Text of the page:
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Despite the Fed’s announcement of a quarter-point cut in interest rates on July 31, the markets have responded in a volatile fashion over the past two weeks.

The market’s performance—a loss close to 4% for the S&P 500 from July 26 through Aug. 9—is being blamed on several factors:

  • Ongoing trade tensions, especially between the U.S. and China; the direct threat of new tariffs by the U.S.; and uncertainty regarding China’s possible actions in response.
  • Disappointment over the magnitude of the Fed’s cut and comments from Fed Chairman Powell that did not directly support the idea of further rate cuts.
  • Fears of a continuing slowdown in global growth.
  • Q2 corporate earnings that are estimated to show a decline close to 1% from last year, despite beating lowered expectations in many cases.

The lack of real progress in the trade negotiations with China, coupled with generally weaker economic data around the world, has taken a toll on the price of several key commodities while contributing to gold’s gain.

The Wall Street Journal wrote on Aug. 3,

“Copper, considered a bellwether for global growth, lost 3.9% for the week … a sign of how the Federal Reserve’s rate cut this week failed to alleviate worries about global growth. …

“Manufacturing, a major consumer of metals, is flagging throughout the world’s major economies. Purchasing managers’ indexes published this week showed that factory activity shrank in China, the Eurozone and U.K. in July.”

In the U.S., says GoldPrice.Org, “the ISM manufacturing index hit the lowest point since August 2016 in July, dropping to 51.2 vs. 52 expected. Factory activity has now seen four straight months of downturn and is nearing contraction. … A separate factory index from IHS Markit came in at 50.4 for July, the lowest point in almost ten years.”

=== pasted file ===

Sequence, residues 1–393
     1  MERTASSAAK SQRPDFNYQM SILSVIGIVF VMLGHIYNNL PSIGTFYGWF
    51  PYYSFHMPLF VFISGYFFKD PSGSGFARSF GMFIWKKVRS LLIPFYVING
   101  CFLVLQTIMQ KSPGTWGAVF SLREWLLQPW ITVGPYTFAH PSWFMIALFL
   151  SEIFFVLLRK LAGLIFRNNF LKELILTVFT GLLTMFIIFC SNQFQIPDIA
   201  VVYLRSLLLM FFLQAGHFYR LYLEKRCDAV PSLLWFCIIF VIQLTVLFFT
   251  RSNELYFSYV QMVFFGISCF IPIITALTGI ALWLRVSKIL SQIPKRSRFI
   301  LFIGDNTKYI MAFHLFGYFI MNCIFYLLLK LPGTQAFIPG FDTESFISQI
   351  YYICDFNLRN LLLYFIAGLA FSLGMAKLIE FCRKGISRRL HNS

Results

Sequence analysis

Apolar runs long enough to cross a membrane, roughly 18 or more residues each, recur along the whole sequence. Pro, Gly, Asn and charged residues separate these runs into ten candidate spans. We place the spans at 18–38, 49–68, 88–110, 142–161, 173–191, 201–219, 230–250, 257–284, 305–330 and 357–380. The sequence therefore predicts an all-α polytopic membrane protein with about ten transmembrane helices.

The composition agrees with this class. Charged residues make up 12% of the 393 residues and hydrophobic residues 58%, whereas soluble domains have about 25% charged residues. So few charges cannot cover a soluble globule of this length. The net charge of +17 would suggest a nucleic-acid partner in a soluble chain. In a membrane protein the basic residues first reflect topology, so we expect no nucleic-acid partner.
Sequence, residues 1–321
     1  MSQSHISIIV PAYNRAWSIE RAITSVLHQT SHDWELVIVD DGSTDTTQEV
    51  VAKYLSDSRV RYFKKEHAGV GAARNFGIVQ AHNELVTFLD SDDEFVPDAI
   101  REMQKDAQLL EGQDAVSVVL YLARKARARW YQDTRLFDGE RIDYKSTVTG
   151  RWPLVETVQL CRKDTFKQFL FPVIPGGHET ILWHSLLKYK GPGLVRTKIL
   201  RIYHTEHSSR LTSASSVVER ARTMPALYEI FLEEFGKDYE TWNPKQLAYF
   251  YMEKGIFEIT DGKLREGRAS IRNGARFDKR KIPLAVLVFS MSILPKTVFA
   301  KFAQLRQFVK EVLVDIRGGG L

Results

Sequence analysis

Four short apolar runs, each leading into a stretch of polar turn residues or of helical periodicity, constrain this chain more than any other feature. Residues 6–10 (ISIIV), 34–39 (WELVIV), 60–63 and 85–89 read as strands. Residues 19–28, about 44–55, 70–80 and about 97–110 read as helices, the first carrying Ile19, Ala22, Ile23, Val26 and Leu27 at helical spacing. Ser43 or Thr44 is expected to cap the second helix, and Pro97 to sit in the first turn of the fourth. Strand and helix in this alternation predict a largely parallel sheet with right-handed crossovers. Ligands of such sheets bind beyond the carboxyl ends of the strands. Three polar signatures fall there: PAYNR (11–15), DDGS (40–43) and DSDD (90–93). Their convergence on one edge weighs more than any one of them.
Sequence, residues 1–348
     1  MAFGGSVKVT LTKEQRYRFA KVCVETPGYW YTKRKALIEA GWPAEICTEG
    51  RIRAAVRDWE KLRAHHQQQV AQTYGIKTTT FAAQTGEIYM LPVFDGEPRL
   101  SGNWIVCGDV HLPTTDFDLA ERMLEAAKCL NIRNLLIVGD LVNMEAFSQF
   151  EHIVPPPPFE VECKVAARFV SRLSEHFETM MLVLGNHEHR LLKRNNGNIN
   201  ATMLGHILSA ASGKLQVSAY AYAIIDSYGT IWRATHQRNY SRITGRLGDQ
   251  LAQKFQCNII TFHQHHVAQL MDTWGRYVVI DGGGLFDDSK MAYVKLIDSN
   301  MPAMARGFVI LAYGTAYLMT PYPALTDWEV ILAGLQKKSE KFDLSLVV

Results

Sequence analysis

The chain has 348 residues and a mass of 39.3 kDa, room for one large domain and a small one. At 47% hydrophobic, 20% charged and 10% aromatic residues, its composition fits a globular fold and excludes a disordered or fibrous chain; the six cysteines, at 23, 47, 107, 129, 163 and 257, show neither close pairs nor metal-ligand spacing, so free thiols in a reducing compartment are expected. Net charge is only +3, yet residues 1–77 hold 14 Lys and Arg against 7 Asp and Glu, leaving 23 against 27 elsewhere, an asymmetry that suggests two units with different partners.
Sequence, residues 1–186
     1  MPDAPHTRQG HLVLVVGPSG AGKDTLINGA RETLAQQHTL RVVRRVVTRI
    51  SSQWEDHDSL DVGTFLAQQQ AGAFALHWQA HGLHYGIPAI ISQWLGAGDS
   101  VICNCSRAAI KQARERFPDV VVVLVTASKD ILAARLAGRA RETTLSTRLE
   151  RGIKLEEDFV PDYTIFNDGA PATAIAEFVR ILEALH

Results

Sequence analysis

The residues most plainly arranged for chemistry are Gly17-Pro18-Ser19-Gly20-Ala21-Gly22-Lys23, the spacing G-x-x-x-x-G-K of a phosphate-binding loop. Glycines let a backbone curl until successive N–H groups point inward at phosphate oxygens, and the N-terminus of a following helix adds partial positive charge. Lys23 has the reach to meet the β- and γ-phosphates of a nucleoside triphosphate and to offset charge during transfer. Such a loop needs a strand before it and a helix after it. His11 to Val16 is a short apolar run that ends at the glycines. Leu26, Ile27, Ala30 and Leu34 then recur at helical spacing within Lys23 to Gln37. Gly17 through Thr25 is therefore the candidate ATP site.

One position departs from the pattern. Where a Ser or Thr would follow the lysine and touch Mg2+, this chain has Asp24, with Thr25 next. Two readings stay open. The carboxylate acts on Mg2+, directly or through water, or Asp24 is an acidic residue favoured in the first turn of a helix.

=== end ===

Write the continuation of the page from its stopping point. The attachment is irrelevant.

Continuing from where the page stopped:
Natural gas is another commodity that has been showing significant weakness in 2019, though the reasons have much to do with an abundant supply, rather than solely slowing global growth. According to The Wall Street Journal, prices for natural gas are down 28% for the year, which is affecting the earnings for global energy firms.



While crude oil prices are still up significantly for the year, they have dropped about 16% since April.


Source: Macrotrends

Gold, however, is rallying—trading in the opposite direction of copper, natural gas, and crude oil.

Reuters wrote on Aug. 5,

“Gold surged 2% on Monday to its highest level in more than six years as a worsening U.S.-China trade conflict prompted investors to dump riskier assets for safe havens, with a weaker dollar lending further fuel for bullion’s run. …

“‘What is driving gold is fear of these tariffs and the fear of China retaliating,’ said Michael Matousek, head trader at U.S. Global Investors, adding that a host of uncertainties surrounding the global economy, an environment of negative bond yields, and an ongoing currency war were making the case for gold. ‘Gold is in a bull market and is going to trend higher. This is just a start of another wave going up.’”


Source: GoldPrice.Org

FactSet’s earning projections have the Materials sector showing by far the worst performance of all sectors for Q2 2019.


Source: FactSet

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